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PBOC: China to further push yuan convertibility in 2013

12-21-2012 10:25 BJT

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At a financial forum in Beijing on Thursday, the deputy governor of the People’s Bank of China gave an outline of how China’s monetary policy will shape up in 2013. Li Dongrong also said China will steadily push for yuan convertibility under its capital account next year. He also vowed to boost the flexibility of the yuan’s exchange rate.

Yin Hang said, "The Central Bank deputy governor said on Thursday that it will speed up reforms in China’s financial sector in 2013. It’s also going to push forward the convertibility of the yuan under China’s capital account."

Li Dongrong, deputy governor of People’s Bank of China, said, "Currently, important reforms in China’s financial sector, such as the Renminbi convertibility under its capital account, have entered into key stages. The wider its impact goes, the more restraints it will stumble across. So we have to actively improve our overall planning in order to steadily push forward those reforms."

Li also said that China will embark on a fresh round of financial reforms in 2013, and the central bank will make China’s financial sector more innovative with lower risks.

China has gradually loosened its grips on its capital flows and actively pushed forward the marketization of the interest rate and exchange rate in the past decade.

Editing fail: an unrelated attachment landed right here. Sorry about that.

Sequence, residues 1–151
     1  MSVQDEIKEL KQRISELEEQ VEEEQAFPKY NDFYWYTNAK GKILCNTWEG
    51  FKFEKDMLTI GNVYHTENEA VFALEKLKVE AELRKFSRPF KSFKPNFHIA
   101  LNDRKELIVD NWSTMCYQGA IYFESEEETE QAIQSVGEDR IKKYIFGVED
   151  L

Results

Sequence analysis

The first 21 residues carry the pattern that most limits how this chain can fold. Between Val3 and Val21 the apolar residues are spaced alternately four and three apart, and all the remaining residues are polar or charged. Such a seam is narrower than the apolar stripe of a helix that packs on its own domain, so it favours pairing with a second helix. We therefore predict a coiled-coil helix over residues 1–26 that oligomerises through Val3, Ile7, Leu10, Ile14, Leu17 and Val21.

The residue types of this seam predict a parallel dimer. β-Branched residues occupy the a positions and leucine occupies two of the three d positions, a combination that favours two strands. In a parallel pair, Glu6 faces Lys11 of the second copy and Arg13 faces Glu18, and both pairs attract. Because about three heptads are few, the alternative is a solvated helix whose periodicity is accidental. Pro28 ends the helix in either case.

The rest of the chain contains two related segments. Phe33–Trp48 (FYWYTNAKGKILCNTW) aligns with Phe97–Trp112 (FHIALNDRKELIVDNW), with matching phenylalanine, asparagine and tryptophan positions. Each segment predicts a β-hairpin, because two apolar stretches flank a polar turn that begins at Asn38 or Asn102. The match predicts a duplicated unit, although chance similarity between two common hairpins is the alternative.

Qianhai in Shenzhen city, which neighbours Hong Kong, has been picked as a testland for China’s financial opening up. The government has taken various steps to spur the international use of the yuan there.

Zhou Ziyou, deputy chief of Qianhai Administration Bureau, Shenzhen, said, "We will continue to increase a wider use of yuan in cross-border transactions in 2013, and work on boosting the convertibility of the yuan under the capital account. We will also make more innovations to forge closer ties between Shenzhen and Hong Kong in the area of capital and insurance cooperation."

Hong Kong has become a testbed for China to internationalize its currency. Experts believe that it will eventually pave the way for the yuan to become a fully convertible international currency.

China’s top economic policymakers said at the Central Economic Work Conference on the weekend that China is to ensure stability while making progress. The government is increasingly relying on reforms to pursue quality and effectiveness of its economic growth.

Editor:Wang Xiaomei |Source:

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